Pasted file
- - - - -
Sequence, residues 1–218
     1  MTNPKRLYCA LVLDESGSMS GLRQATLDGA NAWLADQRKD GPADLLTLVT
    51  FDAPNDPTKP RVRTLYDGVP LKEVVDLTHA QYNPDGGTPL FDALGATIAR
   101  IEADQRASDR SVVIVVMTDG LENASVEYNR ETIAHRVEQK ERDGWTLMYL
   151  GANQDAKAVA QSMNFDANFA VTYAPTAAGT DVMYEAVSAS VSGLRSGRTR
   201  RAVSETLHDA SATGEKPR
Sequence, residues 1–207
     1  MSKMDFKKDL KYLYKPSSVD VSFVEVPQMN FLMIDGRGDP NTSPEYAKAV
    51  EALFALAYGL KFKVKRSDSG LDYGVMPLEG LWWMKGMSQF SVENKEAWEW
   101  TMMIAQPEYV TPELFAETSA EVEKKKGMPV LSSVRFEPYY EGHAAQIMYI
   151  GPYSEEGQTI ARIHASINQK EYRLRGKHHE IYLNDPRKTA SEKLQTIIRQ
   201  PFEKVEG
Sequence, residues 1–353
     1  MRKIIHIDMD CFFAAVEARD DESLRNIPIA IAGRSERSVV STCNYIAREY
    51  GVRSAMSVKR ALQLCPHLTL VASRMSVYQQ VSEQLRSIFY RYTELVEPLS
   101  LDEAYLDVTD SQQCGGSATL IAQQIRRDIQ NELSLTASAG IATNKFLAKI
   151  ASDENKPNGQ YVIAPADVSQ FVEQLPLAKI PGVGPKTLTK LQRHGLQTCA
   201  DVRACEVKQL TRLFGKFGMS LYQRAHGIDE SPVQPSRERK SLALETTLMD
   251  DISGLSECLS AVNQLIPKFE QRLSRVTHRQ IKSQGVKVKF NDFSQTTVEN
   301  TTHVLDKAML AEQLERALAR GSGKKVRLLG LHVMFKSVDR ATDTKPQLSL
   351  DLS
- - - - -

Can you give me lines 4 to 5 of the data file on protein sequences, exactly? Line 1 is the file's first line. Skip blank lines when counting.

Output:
   101  IEADQRASDR SVVIVVMTDG LENASVEYNR ETIAHRVEQK ERDGWTLMYL
   151  GANQDAKAVA QSMNFDANFA VTYAPTAAGT DVMYEAVSAS VSGLRSGRTR